Rich Askey teaches music at Harrisburg's Foose School. He's been an educator for 30 years. So how much of his own money has he spent on his students in those three decades?
"There's no way I can do that calculation for you," he said, but added it's a lot.
At least several hundred dollars a year, he says. For instance, this year Askey purchased supplemental music to enhance his textbooks, which he says are 20 years old.
"So I can at least give my kids music that isn't old school and tired. I'm always spending money on my classroom just to give the kids the best advantage possible," Askey said.
Askey's not alone, which prompted Rep. Jake Wheatley (D-Allegheny) to introduce a bill that would reimburse teachers up to $500 in tax credits when they use their own money on school supplies that help students.
"Our teachers are struggling," Wheatley said. "They're going above and beyond with the little bit of means that they have. They're going into their pockets to try to provide for our children. I think the commonwealth should provide some relief for them."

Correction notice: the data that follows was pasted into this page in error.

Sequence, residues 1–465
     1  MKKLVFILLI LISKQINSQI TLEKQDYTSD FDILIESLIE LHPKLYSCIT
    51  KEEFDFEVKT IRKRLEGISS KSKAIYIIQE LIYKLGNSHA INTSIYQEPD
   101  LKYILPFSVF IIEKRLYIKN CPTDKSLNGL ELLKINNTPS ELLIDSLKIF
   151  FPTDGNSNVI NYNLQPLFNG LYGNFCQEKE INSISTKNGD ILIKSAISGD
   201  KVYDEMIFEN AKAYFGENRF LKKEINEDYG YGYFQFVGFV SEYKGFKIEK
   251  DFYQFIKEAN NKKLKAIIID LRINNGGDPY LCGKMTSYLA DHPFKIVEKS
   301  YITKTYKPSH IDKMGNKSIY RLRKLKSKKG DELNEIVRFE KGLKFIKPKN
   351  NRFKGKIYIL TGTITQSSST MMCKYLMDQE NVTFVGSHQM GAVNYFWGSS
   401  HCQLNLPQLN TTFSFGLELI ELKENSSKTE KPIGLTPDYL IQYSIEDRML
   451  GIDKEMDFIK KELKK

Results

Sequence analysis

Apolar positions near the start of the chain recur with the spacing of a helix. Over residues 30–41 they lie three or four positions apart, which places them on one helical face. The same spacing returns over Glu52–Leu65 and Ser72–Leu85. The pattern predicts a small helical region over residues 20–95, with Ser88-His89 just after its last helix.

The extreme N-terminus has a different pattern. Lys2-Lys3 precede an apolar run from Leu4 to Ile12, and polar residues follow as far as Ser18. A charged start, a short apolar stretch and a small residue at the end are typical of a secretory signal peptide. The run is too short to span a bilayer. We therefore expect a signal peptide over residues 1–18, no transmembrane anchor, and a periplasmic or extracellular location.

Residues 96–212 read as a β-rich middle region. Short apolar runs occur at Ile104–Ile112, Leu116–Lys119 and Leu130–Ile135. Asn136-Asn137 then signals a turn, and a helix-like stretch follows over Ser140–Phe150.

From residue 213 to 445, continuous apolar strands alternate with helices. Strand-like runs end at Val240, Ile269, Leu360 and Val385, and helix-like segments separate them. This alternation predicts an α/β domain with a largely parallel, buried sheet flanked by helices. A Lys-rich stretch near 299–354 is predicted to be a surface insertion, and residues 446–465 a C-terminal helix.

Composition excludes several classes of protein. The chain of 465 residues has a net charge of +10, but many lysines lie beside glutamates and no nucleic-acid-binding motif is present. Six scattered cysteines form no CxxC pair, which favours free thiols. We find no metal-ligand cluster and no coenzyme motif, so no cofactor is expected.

A pro-teacher bill from a Pittsburgh Democrat that's asking for $65 million would normally not get passing grades in the Republican-controlled House, but there are Republicans supporting it.
"I worked in the Tunkhannock Area School District, home to the Tigers," Rep. Karen Boback (R-Columbia/Luzerne/Wyoming) said with great pride.
Boback taught for 33 years and often opened her purse to aid her classroom and her students. She knows teachers pay for everything from software to softer tissues for their students.
"I remember teaching kindergarten where their little noses were just so sore from a generic brand tissue," Boback said. "So I went out and got the soft ones. It can be as simple as that."
Boback and Askey say teachers will continue to spend on their students regardless of whether the bill succeeds or fails, but they hope it passes to formally reward good behavior.
"This is just a response from the state saying 'thank you, we recognize your efforts,' " Askey said.
A House GOP spokesman said Wheatley's bill is not a front-burner issue but didn't completely reject it, saying that the Education Committee would "take a look at it."